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care, health care insurance, and take away their protections for preexisting conditions. >> governor tony evers thank you so much sir. >> thank you. when we return jonathan swan is back with what president trump has in mind for ruth bader ginsburg's supreme court seat. ginsburg's supreme court seat. you see the crowd, you see the emotion. you know, he has that experience for the first time with me, and that's really important to me. i created a rockstar. (both laughing) (announcer) the best network is even better when you share it. buy the latest iphone for you, and get iphone 10r on us for someone else. and get apple music on us, too. only on verizon.
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publicly urged you to retire to or three years ago so that obama could name a replacement? any second thoughts about not doing that? >> i said many times that i will do this job as long as i can do it full steam and when i can't that will be the time i will step down. >> that was supreme court justice ruth bader ginsburg reflecting on how much longer she's going to stay on the bench. according to the scoop tonight from jonathan swan from axios, it's also a subject on president trump's radar, surprise,
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surprise. and june, july, he said, this was a direct quote, i'm saving her for ginsberg when the topic of amy coney barrett -- >> remind our viewers who amy is? >> she's 46 years old and she is a circuit court judge on the 7th circuit, and a darling of the social conservative right, and she would be probably one of the most inexperienced in terms of her time on the bench, but she is somebody who would be on the bench potentially for 40, who knows, 50 years. >> she's somebody -- susan collins and murkowski are pro-choice members in the senate, and they were concerned about her, and people were saying to pick a woman but behind the scenes, not her. >> the women wouldn't vote for her and the women were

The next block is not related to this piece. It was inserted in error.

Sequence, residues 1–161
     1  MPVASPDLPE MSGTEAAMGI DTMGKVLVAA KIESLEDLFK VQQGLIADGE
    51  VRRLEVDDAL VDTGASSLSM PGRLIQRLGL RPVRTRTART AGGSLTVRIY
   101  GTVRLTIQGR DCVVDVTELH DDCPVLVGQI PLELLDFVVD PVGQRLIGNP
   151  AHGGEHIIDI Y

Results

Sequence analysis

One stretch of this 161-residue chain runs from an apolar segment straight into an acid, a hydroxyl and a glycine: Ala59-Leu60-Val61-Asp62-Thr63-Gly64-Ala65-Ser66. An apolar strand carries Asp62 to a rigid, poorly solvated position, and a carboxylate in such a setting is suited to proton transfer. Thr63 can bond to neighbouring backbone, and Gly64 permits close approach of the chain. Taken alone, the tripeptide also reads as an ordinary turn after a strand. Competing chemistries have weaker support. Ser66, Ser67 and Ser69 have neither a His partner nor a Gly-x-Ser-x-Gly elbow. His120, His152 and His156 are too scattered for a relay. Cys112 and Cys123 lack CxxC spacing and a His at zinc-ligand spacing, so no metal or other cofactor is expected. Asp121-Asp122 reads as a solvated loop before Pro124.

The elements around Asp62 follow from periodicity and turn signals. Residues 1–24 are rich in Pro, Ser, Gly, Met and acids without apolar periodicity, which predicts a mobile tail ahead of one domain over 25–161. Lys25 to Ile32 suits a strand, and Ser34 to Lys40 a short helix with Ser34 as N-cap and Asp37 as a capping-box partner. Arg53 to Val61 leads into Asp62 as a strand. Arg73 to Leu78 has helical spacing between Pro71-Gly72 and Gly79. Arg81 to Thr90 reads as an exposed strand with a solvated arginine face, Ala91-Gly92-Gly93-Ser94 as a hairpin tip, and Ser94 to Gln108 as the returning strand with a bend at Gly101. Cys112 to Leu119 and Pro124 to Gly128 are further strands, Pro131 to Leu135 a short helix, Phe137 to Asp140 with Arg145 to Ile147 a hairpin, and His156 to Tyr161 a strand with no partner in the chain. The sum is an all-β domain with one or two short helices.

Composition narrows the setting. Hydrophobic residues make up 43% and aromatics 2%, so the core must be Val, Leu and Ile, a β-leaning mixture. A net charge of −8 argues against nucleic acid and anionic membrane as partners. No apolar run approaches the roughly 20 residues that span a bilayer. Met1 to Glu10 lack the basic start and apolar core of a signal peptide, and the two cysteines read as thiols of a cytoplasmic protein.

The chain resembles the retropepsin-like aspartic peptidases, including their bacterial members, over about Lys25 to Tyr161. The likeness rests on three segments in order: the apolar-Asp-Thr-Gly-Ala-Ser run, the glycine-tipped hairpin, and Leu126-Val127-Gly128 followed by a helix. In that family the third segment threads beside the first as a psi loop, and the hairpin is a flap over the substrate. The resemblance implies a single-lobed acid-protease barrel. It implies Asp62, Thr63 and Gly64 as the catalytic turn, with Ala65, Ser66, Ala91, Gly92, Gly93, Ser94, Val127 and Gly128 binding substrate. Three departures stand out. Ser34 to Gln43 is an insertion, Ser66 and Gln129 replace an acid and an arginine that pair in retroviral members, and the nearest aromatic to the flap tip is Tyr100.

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shorthanded for collins and murkowski. and even though the map was looking in the midterms pretty bad in the house they thought there was a decent chance so they could pick up seats in the senate so they wouldn't need collins and murkowski. >> which could be the case. does the president think this is likely something he will be able to do? >> trump told people in the first term he would be confirming four or five. he thinks a lot of these will open up, and he said sotomayor, and it's what he said privately. trump believed he would have this appointment but i don't know how to what extent that is shared in the white house. >> of course. thank you so much. in the next hour, house
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democrats on a collision course with the attorney general. i am joined live by george papadopoulos, out of jail and selling a book. and of course, the kasie dvr, our producers watch the sunday shows so you don't have to. showo it's understanding why that... will get him a body like that... move! ...that. your job isn't doing hard work... here. ...it's making her do hard work... ...and getting paid for it. (vo) snap and sort your expenses to save over $4,600 at tax time. (danny) jody... ...it's time to get yours! (vo) quickbooks. backing you. you wouldn't accept from any one else. why accept it from your allergy pills? flonase relieves your worst symptoms including nasal congestion, which most pills don't. flonase helps block 6 key inflammatory substances. most pills only block one. flonase.
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the president's push to terminate the affordable care